Maps Supporting the Public Health Act 1848

Maps Supporting the Public Health Act 1848: Using Wisbech, Cambridgeshire as an example.

As an introduction, it should be said that the general condition of drinking water and sewage disposal until to the middle 19th century was rather poor. The number of deaths attributable to these factors alone were considerable. Certain individuals, among them, one, William Lee Esq., were instrumental in changing this state of affairs, though it was perhaps twenty to thirty years before their voices had been fully acted upon. These gentlemen visited various towns and cities throughout the United Kingdom, inspecting the sources of drinking water and the means by which sewage may have been disposed of. In many cases the link between these two was disturbingly close.

Their reports were eventually seen by parliament and the Public Health Act of 1848 became law. One of the first things that had to be established was the whereabouts of all sources of drinking water. At the same time, the network of ditches, drains and night soil collection points for each community, were to be mapped. These would be known as General Board of Health Town Plans.

The town plans for Wisbech, Cambridgeshire were drawn up by RW Dobson & C Weekes, civil engineers in 1853 and an impressive job they made of it. I am uncertain of the scale of these maps but suffice to say that the frontage of the average building presented itself as about one inch. Wisbech had a population in 1851 of 10,594 which probably equated to no more than 2,000 dwellings. The town plan of Wisbech is in book form, each page measuring approximately 46 inches by 30 inches. These measurements are from memory but I’m sure that they are fairly accurate. I also seem to remember that there were about 20 leaves with a map on both faces, taking fly leaves and title pages into account I should imagine the plan of Wisbech comprised of about 35 individual maps. It is some time since I had access to the town plan but it has left a lasting impression. The entire plan is in colour, obviously hand tinted after it was drawn. Rivers were blue, vegetation green, permanent buildings in pink, wooden outbuildings in light brown, hard-road surfaces and paving in grey and unsurfaced roads and verges without vegetation in beige. Every outdoor and indoor ‘thunder-box’ is depicted as a small square containing a smaller circle -very appropriate. Each water pump, each pond and each street urinal is clearly marked. The overall effect of the plan is to give a very visual snap-shot into the past.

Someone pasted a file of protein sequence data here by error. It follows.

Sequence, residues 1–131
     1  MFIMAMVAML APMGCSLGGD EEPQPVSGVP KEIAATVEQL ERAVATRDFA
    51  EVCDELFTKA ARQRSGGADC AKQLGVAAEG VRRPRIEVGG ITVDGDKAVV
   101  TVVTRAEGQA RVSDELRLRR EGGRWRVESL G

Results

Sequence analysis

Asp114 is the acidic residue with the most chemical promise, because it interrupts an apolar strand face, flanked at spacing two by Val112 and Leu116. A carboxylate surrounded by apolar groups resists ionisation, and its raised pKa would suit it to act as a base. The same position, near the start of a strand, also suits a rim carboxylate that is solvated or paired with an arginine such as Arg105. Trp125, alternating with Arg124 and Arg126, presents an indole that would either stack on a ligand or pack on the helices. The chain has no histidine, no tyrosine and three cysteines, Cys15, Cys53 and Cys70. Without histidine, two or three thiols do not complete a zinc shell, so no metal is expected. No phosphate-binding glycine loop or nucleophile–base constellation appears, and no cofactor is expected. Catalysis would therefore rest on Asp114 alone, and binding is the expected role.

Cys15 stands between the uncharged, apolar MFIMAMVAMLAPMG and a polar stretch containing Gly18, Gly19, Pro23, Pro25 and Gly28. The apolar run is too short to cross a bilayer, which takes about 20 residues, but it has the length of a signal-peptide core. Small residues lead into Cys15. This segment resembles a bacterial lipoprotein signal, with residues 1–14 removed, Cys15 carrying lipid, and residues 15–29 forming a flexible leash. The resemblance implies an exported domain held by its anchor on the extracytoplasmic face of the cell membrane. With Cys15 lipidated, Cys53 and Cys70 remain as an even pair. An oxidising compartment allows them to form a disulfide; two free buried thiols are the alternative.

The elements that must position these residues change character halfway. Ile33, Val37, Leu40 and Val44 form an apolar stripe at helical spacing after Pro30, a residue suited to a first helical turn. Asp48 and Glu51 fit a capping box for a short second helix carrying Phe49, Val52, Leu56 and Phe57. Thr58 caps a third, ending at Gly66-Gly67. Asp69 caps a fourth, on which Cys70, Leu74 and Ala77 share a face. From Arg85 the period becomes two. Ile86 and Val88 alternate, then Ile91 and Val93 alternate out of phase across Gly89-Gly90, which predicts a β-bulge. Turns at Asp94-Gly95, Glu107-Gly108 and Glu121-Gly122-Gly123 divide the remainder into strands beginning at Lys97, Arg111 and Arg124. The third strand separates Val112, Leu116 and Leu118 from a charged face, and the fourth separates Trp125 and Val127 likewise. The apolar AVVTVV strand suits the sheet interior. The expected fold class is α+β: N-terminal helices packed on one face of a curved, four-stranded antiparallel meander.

Perhaps more important to us in the PHS is that each tavern, inn and hotel is named for posterity. I mentioned that the short time that I was allowed access to the plan really made an impression upon me. Let me explain why. Not all of us are interested particularly in the buildings or their names etc. but those of us who are, eventually get to the point (within our own search area) where we run out of searchable data. We grind to a halt and, as in my case, can’t find a fresh inn that hasn’t already been documented into the history of local establishments. Wisbech was fortunate enough in 1950 to have Arthur Artis Oldham, a well-known local historian, who wrote a small book called “The Inns and Taverns of Wisbech”. Like Arthur I have stuck to the very defined area of Wisbech town itself and where it has grown over the years hardly any new pubs have emerged. Modern housing estates round here hardly ever include new pubs for the residents, probably because the town centre is still only walking distance and commercial prudence is closing them, not building them. Arthur’s entry for the Red Cow states “Was a beershop of locality unknown, and was in existence in 1845 and 1855 with John Johnson as keeper.” Imagine how chuffed I was when the town plan showed the Red Cow Inn to be clearly marked in Great South Street and next door was the White Horse, never before mentioned in any source to my knowledge. Seventy yards down the road where the Flower pot (still surviving today) overlooked the junction with Elm Road, was the Prince of Wales Inn (not the same one as in Agenoria Street), also not mentioned anywhere else to my knowledge.